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I just built this website using the html5 history api and 'pushstate' using the history.js library.

http://renovari.co.uk

I submitted it to be indexed by google, but after I check the results for the website in google, I can see that the text is not being crawled.

I've seen many examples on the internet where this is supposed to work...

What's the problem?

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closed as off topic by John Conde, ThinkingStiff, Jason Towne, Mario, code_burgar Jan 23 '13 at 22:10

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Have'nt studied the code, but usually the problem is that you should build your site with real links to real pages, and then use HTML5 history and ajax to load stuff dynamically, that way the links and pages can be crawled and it works in older browsers as well. –  adeneo Jan 23 '13 at 10:44
    
Not according to this website: html5.gingerhost.com "This site uses HTML5 wizrdry to load the 'actual content' asynchronusly to the rest of the code: this makes it faster for users, but it's still totally indexable by search engines." Also cited here: seomoz.org/blog/… –  CarbonDry Jan 23 '13 at 10:50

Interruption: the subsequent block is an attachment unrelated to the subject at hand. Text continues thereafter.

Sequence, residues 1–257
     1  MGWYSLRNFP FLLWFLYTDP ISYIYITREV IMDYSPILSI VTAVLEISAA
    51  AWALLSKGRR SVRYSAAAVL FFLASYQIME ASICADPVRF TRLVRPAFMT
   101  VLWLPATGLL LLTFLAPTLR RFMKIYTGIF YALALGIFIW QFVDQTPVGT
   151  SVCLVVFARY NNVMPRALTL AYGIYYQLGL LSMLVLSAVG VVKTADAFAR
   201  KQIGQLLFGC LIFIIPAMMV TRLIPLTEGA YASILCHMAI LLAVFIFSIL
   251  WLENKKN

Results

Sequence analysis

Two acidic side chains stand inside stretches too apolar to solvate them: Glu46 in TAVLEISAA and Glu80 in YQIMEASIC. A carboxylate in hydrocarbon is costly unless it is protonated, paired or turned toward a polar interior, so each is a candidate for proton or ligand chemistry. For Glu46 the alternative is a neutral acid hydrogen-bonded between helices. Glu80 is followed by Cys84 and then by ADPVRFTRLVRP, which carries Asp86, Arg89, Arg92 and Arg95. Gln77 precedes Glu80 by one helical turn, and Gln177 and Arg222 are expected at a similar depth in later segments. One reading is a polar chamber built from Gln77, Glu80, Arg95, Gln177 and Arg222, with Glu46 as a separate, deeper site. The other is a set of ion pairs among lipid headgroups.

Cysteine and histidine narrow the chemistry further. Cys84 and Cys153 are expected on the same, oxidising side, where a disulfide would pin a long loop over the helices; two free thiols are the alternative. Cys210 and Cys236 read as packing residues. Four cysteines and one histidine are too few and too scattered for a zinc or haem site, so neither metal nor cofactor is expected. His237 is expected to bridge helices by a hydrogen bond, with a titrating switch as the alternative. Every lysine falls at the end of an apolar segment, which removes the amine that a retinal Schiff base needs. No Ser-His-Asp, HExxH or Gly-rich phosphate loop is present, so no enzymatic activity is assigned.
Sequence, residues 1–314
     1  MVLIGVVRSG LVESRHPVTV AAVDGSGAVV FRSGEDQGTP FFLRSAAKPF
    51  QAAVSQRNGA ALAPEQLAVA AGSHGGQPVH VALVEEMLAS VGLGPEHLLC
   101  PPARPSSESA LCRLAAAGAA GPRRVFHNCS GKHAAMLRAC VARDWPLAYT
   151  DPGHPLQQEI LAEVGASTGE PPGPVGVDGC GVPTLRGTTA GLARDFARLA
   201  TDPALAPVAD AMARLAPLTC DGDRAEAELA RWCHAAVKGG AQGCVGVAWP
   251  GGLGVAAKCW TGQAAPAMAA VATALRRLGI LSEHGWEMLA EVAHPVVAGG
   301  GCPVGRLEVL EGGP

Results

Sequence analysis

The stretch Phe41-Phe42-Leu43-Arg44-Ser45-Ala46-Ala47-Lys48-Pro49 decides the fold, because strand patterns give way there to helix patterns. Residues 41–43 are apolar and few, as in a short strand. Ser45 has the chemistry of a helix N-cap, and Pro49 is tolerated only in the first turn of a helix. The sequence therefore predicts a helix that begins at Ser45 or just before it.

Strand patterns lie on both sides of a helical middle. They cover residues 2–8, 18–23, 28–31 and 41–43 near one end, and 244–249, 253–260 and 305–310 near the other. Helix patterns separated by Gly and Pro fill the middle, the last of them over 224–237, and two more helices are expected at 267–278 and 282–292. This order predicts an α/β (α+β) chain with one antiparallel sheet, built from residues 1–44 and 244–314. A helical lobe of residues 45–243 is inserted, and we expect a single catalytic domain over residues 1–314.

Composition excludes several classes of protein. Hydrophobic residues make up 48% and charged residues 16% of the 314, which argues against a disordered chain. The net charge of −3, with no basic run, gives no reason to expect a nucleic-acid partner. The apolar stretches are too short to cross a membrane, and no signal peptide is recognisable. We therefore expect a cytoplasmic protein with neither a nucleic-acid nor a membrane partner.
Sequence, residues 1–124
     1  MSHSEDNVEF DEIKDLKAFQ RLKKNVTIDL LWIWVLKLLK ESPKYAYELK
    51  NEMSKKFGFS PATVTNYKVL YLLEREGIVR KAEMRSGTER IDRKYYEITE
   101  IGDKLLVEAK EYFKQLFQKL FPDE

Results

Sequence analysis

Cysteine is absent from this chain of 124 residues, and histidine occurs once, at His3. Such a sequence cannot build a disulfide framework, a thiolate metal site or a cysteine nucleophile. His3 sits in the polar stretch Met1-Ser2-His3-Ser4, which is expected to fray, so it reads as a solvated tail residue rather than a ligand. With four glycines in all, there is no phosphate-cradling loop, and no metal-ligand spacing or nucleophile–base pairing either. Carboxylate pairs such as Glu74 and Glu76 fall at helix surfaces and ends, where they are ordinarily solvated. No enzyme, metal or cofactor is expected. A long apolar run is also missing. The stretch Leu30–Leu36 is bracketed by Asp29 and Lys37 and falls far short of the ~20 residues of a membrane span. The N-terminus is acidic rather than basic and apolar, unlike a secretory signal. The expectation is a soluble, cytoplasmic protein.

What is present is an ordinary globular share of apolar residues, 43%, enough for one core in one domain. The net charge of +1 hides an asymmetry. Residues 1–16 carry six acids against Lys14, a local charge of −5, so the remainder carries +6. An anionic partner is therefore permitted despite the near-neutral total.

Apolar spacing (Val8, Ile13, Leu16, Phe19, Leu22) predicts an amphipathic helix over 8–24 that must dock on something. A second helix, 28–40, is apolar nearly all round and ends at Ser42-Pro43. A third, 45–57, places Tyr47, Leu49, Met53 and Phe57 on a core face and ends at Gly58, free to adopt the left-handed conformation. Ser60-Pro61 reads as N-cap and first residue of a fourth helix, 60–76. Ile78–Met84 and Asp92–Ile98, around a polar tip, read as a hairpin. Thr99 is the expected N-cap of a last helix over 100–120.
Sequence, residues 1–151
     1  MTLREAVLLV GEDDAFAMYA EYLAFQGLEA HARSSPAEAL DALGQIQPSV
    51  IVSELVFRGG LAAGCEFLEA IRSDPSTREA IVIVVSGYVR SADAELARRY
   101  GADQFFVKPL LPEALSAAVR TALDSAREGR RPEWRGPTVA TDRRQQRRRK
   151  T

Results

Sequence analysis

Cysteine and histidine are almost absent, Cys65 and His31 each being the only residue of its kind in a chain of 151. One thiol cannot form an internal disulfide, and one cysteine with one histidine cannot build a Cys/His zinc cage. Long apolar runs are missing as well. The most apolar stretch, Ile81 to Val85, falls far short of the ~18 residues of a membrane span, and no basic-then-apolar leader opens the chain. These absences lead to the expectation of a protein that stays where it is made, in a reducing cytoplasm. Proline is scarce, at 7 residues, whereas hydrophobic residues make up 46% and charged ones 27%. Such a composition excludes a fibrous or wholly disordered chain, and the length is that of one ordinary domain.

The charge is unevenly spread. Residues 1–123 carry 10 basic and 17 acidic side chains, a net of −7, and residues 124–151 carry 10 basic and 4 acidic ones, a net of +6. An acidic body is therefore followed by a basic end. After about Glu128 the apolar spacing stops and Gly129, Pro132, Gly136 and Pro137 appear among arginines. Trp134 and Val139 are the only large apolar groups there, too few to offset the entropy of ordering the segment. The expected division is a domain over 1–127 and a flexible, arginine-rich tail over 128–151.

Yes, that's exactly what adeneo said. html5.gingerhost.com/seattle is a real page you see, a real page with real links. Then, HTML5/JS is used to give the illusion that it isn't. You still need real pages. –  Rich Bradshaw Jan 23 '13 at 11:40
    
Ok my apologies, you are both correct. In that demo he loads his content from a file called content.php, but when javascript is disabled is the content loaded from separate pages (i.e /seattle.html and made into a friendly url with htaccess) or is the server doing something else to split content.php into multiple pages? –  CarbonDry Jan 23 '13 at 12:04

1 Answer 1

up vote 5 down vote accepted

The problem lies in visitors with no JS, like the google bot.

You depend on JavaScript to load the page content, and therefore it is not indexed.

Try to disable JavaScript in your browser and you can see this.

To fix this there are many ways to go ahead, but basically you want to serve the first page-load as a page with content always, and from then on load new content in via JS.

If you use hashbangs you can do a thing like this. But you will find a lot of tropics around the web if you make a search.

Wikipedia also have this great article about it.

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Thanks Allan, this answered the question. If you visit the website now you will see it's now SEO friendly. Thanks! –  CarbonDry Apr 14 '13 at 9:00

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